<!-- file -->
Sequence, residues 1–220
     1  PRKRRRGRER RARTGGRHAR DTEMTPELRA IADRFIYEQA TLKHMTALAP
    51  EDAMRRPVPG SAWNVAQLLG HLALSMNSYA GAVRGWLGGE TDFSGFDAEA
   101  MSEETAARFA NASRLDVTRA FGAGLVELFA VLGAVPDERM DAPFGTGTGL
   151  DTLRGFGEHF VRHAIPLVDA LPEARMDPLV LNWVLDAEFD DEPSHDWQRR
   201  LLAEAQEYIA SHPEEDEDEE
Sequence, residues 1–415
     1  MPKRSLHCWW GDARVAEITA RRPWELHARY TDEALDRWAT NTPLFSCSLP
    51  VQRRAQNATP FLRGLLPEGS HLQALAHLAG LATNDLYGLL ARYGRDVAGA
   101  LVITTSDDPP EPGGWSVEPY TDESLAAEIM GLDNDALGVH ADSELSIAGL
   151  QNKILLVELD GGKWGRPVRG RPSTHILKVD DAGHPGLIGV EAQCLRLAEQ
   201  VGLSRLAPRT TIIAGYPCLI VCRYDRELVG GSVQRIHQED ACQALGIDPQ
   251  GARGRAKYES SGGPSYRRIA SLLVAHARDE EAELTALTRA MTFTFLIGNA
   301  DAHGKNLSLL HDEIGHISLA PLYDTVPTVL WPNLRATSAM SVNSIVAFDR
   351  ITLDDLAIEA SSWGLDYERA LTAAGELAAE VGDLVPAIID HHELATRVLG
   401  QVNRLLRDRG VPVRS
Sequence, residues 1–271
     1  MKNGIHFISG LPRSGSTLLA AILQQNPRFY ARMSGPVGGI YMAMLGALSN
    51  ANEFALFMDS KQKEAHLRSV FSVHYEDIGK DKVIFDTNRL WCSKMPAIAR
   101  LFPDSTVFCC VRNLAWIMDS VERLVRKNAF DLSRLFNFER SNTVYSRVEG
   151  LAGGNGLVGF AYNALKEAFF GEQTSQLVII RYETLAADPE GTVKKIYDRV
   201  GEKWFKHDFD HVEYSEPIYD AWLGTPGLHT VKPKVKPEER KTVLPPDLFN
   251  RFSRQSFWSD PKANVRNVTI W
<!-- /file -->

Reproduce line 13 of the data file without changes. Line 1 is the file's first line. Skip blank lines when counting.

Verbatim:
   251  GARGRAKYES SGGPSYRRIA SLLVAHARDE EAELTALTRA MTFTFLIGNA